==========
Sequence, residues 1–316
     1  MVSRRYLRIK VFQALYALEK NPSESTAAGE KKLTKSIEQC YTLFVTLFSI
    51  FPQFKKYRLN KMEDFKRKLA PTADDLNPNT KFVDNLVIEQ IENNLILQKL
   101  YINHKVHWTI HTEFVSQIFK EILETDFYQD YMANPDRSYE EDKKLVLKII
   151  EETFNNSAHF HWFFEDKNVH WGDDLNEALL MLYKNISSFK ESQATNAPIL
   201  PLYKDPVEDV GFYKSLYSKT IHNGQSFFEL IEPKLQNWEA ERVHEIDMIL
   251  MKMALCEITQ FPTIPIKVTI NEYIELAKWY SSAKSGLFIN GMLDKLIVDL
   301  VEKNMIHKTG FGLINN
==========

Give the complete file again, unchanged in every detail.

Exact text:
Sequence, residues 1–316
     1  MVSRRYLRIK VFQALYALEK NPSESTAAGE KKLTKSIEQC YTLFVTLFSI
    51  FPQFKKYRLN KMEDFKRKLA PTADDLNPNT KFVDNLVIEQ IENNLILQKL
   101  YINHKVHWTI HTEFVSQIFK EILETDFYQD YMANPDRSYE EDKKLVLKII
   151  EETFNNSAHF HWFFEDKNVH WGDDLNEALL MLYKNISSFK ESQATNAPIL
   201  PLYKDPVEDV GFYKSLYSKT IHNGQSFFEL IEPKLQNWEA ERVHEIDMIL
   251  MKMALCEITQ FPTIPIKVTI NEYIELAKWY SSAKSGLFIN GMLDKLIVDL
   301  VEKNMIHKTG FGLINN